Daily Archives: February 2, 2022
Nightmare Alley (2021)
I’ve now watched both versions of Nightmare Alley, the 1947 movie and the 2021 Guillermo del Toro remake, and I guess I just shrug at both. Based upon the 1946 novel by Lindsay Gresham, we follow an ambitious yet troubled man, Stanton (Bradley Cooper), who finds refuge in a traveling carnival, mentors as a phony mentalist, and then uses his skills of manipulation to fleece the rich and privileged while possibly losing his own soul in the process. I kept watching this 150-minute movie and waiting for it to get better, to hit another level, and I had to keep asking, “Why isn’t this playing better for me?” It’s del Toro, an early twentieth-century freak show, a dashing of film noir, and a star-studded cast (Cate Blanchett, Willem Dafoe, Rooney Mara, Toni Collette, David Strathairn), and all those enticing elements should coalesce into something special and dark and adult and transporting, like del Toro’s 2017 Best Picture-winning Shape of Water. However, for me it just feels so turgid and overly melodramatic. I wish the movie had stayed with the traveling carnival and the colorful weirdos that it ditches halfway through. I think it’s because the movie plays to your exact expectations. You expect it to be beautifully composed, and it is, with a flair for the grotesque, a del Toro specialty, and the beats of its film noir-heavy story with femme fatale and double crosses comes across so predictably but minus substantial depth to compensate. I kept waiting for the themes to deepen, to be a better reflection of ourselves, but it’s one man’s circular downfall that doesn’t play too tragic because he’s already an unrepentant scoundrel. Cooper also just seems too old for the part, especially when everyone refers to him as a “young chap.” You might not see a better looking movie from 2021. The cinematography, production design, costumes, and stylish panache that del Toro trades in are all present and glorious to behold. I just wish I could get more from Nightmare Alley besides an admiration for its framing and less about what is happening to the characters within such doting artistry.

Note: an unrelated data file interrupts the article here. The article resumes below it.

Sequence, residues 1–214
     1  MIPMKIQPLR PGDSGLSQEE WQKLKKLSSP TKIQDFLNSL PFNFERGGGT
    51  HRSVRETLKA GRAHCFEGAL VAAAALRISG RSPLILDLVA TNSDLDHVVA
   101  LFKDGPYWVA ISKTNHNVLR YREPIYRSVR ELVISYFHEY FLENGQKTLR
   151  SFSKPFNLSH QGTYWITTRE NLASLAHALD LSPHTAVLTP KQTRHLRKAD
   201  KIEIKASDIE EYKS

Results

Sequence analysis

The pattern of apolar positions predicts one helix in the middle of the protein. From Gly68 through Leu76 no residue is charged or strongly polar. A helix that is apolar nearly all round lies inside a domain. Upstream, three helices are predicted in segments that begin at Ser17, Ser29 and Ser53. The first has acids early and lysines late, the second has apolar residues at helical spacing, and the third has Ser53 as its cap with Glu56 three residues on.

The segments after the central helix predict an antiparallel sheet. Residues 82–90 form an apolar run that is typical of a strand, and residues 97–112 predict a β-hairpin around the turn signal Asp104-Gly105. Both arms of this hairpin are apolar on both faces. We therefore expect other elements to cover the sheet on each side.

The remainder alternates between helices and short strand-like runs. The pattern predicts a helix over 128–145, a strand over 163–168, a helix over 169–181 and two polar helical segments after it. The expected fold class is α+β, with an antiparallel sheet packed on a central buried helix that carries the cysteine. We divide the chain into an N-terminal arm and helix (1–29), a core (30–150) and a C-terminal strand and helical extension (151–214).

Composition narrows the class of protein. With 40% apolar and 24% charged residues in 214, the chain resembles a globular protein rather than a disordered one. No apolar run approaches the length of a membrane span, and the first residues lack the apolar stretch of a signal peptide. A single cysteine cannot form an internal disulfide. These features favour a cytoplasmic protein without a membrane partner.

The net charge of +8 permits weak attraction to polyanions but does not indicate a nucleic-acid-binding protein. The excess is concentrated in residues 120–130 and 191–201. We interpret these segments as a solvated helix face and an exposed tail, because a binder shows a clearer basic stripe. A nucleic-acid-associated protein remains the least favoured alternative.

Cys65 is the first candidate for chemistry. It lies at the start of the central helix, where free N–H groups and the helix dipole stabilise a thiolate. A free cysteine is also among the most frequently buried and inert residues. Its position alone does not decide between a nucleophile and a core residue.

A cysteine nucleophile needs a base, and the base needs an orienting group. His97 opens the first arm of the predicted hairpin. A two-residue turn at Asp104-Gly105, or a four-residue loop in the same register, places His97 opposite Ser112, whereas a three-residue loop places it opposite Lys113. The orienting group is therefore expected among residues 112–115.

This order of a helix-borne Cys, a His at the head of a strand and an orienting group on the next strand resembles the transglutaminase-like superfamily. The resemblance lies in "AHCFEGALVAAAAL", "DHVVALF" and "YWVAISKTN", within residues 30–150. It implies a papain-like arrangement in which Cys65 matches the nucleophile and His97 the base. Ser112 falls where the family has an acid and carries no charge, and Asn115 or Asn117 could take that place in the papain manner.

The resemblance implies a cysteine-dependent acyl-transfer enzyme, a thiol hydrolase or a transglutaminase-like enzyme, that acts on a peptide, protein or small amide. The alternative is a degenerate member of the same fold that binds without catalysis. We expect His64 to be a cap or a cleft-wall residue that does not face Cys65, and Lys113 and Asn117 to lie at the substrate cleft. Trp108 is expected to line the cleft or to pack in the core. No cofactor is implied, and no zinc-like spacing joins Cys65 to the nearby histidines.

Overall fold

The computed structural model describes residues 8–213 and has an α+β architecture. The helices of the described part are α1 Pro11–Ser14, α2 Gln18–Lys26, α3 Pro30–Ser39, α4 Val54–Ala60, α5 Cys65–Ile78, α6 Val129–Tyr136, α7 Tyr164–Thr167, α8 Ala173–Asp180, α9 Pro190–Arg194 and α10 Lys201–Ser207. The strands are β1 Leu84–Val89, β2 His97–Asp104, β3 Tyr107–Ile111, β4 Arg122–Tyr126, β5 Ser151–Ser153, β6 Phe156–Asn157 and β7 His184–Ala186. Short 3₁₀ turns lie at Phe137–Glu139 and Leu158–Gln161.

Nate’s Grade: B-
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